Devoted to the Propagation and Defense of New Testament Christianity
March 9, 1950

The Catholic Church In Action

(Editor's note: The two following articles are taken from recent issues of the Christian Century, and show a little bit of what the Catholic Church is doing in her avowed crusade to "make America Catholic.")

"Has The Navy Joined The Catholic Church?"

"When President Truman appointed Francis P. Matthews secretary of the navy, the press emphasized his prominence in the lay activities of the Roman Catholic Church. Mr. Matthew's record, as given in "Who's Who," lists a long line of Catholic offices and honors, including six years as supreme knight of the Knights of Columbus, a papal knighthood of the Order of St. Gregory, a knight commandership with grand cross, elevation to the rank of Knight Commander with Grand Cross of the Knights of the Holy Sepulchre, and finally promotion to the lofty pinnacle of Secret Papal Chamberlain with Cape and Sword.

"No one, however, at the time of Mr. Matthews' appointment suspected that his church affiliations and dignities would exert any direct influence on his policies as head of the navy. But in light of developments since Mr. Matthews took office, that opinion may have to be revised. Twice within recent weeks units of the U. S. Navy have been ordered to display themselves at Roman Catholic events.

"The first such instance came when a squadron of destroyers was sent—of course at taxpayers expense—to the convention of the Knights of Columbus, at Portland, Ore. In that fashion an effort was plainly made to add to the prestige of a Catholic fraternal order of which the secretary of the navy had until recently been the head. The second instance came early this month when a squadron of naval air reserve planes was sent to scatter roses over a Roman Catholic religious procession honoring St. Theresa at New Columbus, Penn: The planes made a flight of more than 100 miles from the naval air station at Willow Grove, near Philadelphia, to execute that mission—again, of course, at taxpayers' expense. What goes on here? This makes twice within three months that units of the U. S. defense forces have been sent to participate in a sectarian church affair. Does Mr. Matthews think he is running the U. S. Navy as a Secret Papal Chamberlain with Cape and Sword?' "


"Wheat And Cotton Kings Embrace The Church"

"President Truman jolted the nation by announcing that when Congress reassembles, it will be called on to boost taxes. With government running in the red, he asks, what else is there to do? One thing that might be done is to tighten up on tax exemptions for church and charitable corporations. Here is a loophole in the tax laws which already involves a yearly loss of more than a billion dollars to the federal treasury.

"Recent examples of the way this works have been furnished by the sale of the largest wheat ranch and one of the largest cotton ranches in the nation to Catholic foundations, which are to use the profits to build Trappist monasteries and Benedictine convents, for foreign missions, and for the education of young men for the priesthood.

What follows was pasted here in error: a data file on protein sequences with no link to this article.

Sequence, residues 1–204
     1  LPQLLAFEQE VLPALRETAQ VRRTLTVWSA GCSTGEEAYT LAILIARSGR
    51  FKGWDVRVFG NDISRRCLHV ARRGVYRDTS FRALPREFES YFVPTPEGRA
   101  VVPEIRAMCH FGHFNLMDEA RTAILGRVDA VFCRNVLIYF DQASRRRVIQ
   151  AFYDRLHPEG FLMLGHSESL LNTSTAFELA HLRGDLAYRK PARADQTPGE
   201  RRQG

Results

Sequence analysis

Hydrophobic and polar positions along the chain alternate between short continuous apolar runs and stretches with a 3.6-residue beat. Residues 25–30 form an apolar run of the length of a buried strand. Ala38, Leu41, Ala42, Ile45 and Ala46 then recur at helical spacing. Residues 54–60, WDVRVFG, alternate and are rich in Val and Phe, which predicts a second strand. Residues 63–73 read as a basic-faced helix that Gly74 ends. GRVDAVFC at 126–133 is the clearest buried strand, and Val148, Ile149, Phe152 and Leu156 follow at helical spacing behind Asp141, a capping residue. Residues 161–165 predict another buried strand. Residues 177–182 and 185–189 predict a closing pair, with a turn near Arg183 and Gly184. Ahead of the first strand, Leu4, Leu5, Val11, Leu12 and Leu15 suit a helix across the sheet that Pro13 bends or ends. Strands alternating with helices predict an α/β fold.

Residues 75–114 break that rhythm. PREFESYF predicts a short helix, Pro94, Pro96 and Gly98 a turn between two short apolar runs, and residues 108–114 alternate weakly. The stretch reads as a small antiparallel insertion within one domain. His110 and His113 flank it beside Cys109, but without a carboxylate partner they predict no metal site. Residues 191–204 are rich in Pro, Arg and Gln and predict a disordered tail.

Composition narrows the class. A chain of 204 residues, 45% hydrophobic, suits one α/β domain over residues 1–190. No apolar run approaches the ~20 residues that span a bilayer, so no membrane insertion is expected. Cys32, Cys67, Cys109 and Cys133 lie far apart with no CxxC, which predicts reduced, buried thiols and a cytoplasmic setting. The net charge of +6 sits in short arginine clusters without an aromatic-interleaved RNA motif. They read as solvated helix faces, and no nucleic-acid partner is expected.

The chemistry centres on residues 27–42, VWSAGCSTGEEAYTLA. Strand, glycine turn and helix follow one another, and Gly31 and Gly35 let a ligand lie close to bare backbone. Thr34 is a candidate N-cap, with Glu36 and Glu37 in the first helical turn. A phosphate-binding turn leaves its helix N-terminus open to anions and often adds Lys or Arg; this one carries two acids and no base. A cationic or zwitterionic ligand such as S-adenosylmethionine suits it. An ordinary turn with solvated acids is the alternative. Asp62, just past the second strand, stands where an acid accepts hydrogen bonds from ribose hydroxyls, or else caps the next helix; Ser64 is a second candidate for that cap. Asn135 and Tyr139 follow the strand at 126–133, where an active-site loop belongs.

"The fabulous 96,000-acre wheat ranch of Thomas D. Campbell in Montana has been sold to the "United States Wheat Corporation of Omaha." The young Omaha attorney who heads this corporation is also president, secretary, treasurer, chairman of the trustees, general counsel, and resident agent of the Sacred Heart Foundation, which has acquired all the capital stock of the "United States Wheat Corporation"—ten shares valued at $1.00 each! The foundation's funds are "managed and controlled exclusively" by the president and treasurer. The board is composed of the young attorney, three Benedictine sisters, three Trappist Abbots, and Francis P. Matthews, Secretary of the U. S. Navy.

"Interviewed by the Omaha World-Herald, Mr. Campbell, when asked whether he would continue to run the wheat ranch, laughed and answered, 'Of course!' The Omaha paper comments that "it would be surprising if he should take the job for less money than he has been making in the past."

"By this move Mr. Campbell will make as much as ever—the United States treasury will be deprived of the 38 percent corporation income tax previously paid by the Campbell ranch—and the Sacred Heart Foundation (a Roman Catholic institution) will gain millions of dollars to spend on church enterprises.

"Much the same deal has been worked out for the 35,000-acre cotton ranch of Russell Giffen, the "cotton king" of the San Joaquin Valley, California. This, too, is turning its profits over to the Sacred Heart Foundation, while Mr. Giffen continues as salaried manager. There is, of course, nothing illegal about all this. But it is using the tax exemptions extended to churches and church organizations to increase the burden of the taxes the ordinary citizen must carry. Isn't it time that the churches began to scrutinize the implications of the special privileges the tax law grants them?"